The current Zero G 95 and the current Backland are fairly comparable. Previous generations of the Zero G 95 were less friendly, but the current model has become a lot more fun and less demanding. Between the two, they are both energetic, fun 95mm skis - the Zero G is still the choice for firmer snow and edge-hold, whereas the Backland - although not lacking in that department - I would favor for softer/fresh snow.
The Backland 100 is a different ski, a bit softer, and more powder-oriented. I would definitely choose one of the two 95mm options you're considering for a ski mountaineering application, or for a do-it-all lightweight adventure ski. I would take the 100 for a lightweight uphill-oriented powder ski, if you like a turnier ski in powder. Unfortunately we do not carry the Helio Carbon 95 and so I am less familiar with those.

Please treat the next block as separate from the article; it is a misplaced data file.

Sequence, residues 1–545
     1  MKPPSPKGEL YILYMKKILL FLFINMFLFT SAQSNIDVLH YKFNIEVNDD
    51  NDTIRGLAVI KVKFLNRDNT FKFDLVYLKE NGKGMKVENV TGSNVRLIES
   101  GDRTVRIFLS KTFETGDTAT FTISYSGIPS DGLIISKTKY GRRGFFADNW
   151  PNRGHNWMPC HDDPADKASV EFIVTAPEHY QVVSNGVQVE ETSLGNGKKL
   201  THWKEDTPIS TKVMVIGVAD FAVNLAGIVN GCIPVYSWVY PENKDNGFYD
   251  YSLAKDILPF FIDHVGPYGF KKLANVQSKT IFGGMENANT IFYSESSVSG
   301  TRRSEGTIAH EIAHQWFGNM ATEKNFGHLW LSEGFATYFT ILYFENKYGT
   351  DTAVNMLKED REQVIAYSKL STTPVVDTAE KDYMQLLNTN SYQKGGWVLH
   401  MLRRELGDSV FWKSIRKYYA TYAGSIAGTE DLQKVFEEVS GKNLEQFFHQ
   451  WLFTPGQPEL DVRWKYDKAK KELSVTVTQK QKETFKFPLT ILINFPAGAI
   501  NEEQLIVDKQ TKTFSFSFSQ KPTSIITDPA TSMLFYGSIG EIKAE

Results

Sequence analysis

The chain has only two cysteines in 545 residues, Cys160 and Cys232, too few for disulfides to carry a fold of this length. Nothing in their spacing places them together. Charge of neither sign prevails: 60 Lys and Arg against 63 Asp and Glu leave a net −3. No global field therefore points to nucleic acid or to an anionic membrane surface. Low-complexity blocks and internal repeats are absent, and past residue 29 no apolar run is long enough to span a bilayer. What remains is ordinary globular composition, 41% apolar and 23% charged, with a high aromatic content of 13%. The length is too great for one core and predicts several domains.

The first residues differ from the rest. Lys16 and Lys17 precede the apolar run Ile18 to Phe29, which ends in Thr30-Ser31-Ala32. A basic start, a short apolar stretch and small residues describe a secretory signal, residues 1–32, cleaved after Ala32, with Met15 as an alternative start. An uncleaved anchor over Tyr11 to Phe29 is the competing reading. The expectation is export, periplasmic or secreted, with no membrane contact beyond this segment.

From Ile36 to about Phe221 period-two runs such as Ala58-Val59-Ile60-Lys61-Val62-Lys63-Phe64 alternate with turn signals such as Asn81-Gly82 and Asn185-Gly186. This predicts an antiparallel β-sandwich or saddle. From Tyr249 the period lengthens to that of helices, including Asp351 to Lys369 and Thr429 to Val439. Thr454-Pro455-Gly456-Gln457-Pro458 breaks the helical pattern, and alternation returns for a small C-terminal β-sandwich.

Personally, I'd err towards going 2 back, but neither are ideal. If you have a more upright/less aggressive skiing style, 2 forward would be better. If you can find a binding that has a different toe pattern that would allow you to mount closer to recommended, that would be best. Or you may be able to use a toe adjustment or shift plate to avoid the old holes.
1) how would these fare on ice and as a quiver of one ski to do it all on both the east coast and west coast (resort and backcountry)?
2) would you recommend other similar quiver of one skis that might be of the same weight or lighter?
Reach out to us at email@example.com and we can get you more perzonalized recommendations!